Spokesmen for McConnell didn’t respond to a request for comment about talks with Paul or his staff about letting a bill move quickly. Procedurally, the GOP leader has options for how he moves a bill and can keep the Senate into the weekend to buy himself more time. 

Republican senators acknowledge that they are in the dark about what Paul may or may not do as lawmakers try to figure out what they can get passed before March 15. Adding to the timing crunch, the House is expected to hold last votes for the week on Thursday. 

“He may decide to do that here. Unfortunately, I think that’s a risky proposition because if something bad happens, I wouldn’t want to be in a position of blocking the tools that are necessary to protect the country,” said Sen. John Cornyn (R-Texas), an adviser to McConnell and a member of the Senate Intelligence Committee. 

Sen. John Thune (R-S.D.), the No. 2 Republican senator, argued that there was “strong bipartisan support” for a short-term extension. 

“So you just have to run the clock and win procedurally, but I would hope at least that we might be able to get our members to agree to a short-term extension,” Thune said. 

Paul told reporters that he thought Trump would support a roughly two-week extension. But Thune countered that it would take more time for Congress to agree to broader FISA reforms and that he didn’t think “that anything is lost” by passing a two- or three-month extension. 

“The question is, does the president and do the people who don’t want to see any extension at all make it difficult to get that done?” he added.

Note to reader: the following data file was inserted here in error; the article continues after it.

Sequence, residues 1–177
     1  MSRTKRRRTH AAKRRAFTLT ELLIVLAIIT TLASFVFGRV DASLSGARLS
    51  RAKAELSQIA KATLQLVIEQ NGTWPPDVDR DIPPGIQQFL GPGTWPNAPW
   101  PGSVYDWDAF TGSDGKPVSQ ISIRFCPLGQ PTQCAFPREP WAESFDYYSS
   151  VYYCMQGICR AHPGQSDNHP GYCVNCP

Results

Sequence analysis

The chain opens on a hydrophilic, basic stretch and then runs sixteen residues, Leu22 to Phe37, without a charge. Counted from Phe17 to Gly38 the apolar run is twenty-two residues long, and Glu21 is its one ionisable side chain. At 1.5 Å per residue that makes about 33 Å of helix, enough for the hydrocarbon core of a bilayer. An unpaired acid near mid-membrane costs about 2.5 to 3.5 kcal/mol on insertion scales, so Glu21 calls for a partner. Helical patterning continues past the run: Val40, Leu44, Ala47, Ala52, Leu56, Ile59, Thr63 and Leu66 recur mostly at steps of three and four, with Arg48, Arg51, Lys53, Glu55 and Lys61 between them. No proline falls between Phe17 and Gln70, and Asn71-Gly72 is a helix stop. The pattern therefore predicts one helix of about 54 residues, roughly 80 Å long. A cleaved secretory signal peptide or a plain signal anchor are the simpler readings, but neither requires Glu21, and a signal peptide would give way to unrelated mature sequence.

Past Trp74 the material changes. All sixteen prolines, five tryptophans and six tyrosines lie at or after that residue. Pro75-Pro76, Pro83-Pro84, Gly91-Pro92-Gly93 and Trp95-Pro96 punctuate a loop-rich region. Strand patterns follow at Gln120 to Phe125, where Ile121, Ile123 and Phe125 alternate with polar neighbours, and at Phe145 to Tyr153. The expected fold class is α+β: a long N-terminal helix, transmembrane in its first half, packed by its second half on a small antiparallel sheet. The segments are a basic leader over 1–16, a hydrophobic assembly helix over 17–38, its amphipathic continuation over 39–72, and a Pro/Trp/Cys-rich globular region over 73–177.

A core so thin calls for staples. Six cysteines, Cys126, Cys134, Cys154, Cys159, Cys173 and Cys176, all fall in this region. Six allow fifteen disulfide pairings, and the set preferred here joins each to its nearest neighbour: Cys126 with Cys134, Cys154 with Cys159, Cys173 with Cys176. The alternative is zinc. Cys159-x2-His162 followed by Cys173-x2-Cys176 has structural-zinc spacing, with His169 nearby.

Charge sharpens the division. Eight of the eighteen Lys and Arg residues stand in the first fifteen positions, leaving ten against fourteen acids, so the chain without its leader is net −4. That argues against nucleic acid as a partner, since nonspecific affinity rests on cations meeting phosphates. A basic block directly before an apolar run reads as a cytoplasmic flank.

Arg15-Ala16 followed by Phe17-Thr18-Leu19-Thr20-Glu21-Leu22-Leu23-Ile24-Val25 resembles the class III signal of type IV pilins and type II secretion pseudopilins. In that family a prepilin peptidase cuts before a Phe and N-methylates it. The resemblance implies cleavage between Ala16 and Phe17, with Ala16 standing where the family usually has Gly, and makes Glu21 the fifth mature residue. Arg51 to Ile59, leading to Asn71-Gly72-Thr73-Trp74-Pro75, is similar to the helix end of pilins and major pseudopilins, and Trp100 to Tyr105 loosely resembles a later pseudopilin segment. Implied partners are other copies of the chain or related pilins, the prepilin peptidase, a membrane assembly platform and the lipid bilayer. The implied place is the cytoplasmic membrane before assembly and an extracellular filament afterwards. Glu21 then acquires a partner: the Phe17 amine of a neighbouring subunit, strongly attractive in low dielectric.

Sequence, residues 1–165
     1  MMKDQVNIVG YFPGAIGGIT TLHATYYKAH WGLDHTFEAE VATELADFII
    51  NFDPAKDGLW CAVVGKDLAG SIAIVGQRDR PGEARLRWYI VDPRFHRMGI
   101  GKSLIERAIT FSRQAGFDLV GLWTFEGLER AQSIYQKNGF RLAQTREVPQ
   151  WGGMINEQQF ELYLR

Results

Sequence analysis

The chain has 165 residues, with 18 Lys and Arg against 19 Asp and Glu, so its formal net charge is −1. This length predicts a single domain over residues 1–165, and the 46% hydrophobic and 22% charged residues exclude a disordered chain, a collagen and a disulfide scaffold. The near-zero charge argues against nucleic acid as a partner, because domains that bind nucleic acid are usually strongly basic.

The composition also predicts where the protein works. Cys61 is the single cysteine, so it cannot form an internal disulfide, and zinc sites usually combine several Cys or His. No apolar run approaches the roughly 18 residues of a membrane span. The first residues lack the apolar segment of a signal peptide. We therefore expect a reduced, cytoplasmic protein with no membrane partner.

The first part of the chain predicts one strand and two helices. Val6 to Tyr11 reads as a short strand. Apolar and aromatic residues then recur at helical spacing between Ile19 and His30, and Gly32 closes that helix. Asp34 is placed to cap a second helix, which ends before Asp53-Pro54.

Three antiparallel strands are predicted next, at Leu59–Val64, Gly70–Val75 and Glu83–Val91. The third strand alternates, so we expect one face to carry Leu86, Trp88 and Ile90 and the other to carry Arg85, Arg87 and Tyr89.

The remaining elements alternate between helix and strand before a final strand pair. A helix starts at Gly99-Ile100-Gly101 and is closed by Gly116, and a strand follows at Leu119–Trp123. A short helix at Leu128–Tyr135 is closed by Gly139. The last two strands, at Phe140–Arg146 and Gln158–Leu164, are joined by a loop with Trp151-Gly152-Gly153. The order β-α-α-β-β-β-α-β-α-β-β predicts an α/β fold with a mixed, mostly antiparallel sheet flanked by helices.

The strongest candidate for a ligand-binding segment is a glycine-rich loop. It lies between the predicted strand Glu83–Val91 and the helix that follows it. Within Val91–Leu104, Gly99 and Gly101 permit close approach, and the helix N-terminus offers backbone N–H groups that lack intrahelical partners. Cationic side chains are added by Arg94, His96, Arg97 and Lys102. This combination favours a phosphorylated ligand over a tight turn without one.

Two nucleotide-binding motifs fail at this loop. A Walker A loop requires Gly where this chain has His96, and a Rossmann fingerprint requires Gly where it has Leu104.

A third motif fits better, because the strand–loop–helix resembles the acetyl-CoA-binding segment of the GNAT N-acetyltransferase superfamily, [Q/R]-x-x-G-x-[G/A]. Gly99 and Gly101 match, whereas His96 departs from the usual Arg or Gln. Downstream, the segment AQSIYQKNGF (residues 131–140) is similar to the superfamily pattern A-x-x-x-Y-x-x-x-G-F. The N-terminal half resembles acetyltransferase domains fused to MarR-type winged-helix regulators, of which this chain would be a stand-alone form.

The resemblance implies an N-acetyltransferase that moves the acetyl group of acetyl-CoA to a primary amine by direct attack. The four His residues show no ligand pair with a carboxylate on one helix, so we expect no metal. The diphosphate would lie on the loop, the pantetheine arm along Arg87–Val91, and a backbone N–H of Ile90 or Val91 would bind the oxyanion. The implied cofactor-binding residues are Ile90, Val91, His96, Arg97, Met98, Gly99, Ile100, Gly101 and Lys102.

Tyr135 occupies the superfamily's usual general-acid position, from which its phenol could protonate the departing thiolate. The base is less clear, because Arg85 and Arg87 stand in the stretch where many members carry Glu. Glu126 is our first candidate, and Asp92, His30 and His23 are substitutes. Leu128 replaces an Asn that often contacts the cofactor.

What will be able to pass is unclear. House leadership is continuing negotiations on a larger deal, while lawmakers have also floated a one- to three-month short-term extension. As the deadline draws closer, so does the chance that lawmakers aren’t able to get a deal on anything, something leadership in both chambers had stressed they want to avoid. 

“If people want that hanging on their head, they can,” said Sen. Richard Burr (R-N.C.), the chairman of the Senate Intelligence Committee, about a potential lapse. 

Paul is part of a group of progressives and libertarian-minded GOP lawmakers who have warned for years that the FISA court does not provide enough transparency or privacy protections for those under surveillance. 

They found broader support among Republicans in both chambers after Justice Department Inspector General Michael Horowitz found 17 “significant inaccuracies and omissions” as part of the warrant applications involving Trump associate Carter Page. 

Attorney General William Barr pitched Senate Republicans late last month on a “clean” extension of the USA Freedom provisions while promising to use his own rulemaking authority to make changes to the FISA process. 

But Paul appears to have a powerful ally in Trump, who railed against the Obama-era FBI during an interview this week with Fox News, saying that the FBI “weaponized FISA” and “used it horribly.”

Trump told Republicans, including Paul and McConnell, during a meeting at the White House that he would not extend the USA Freedom provisions without FISA reforms. Paul quickly touted the news on Twitter, during a TV interview and with a small gaggle of reporters back at the Capitol. 

“I think that helps. I think that the fact that he’s been explicit in saying no clean reauthorization … without significant reforms, that was very apparent,” Paul told reporters. “Even the attorney general, I think, has decided he better catch the train and modulate what comes out rather than just opposing it.” 

Tags John Cornyn John Thune Mike Lee Mitch McConnell Rand Paul Richard Burr William Barr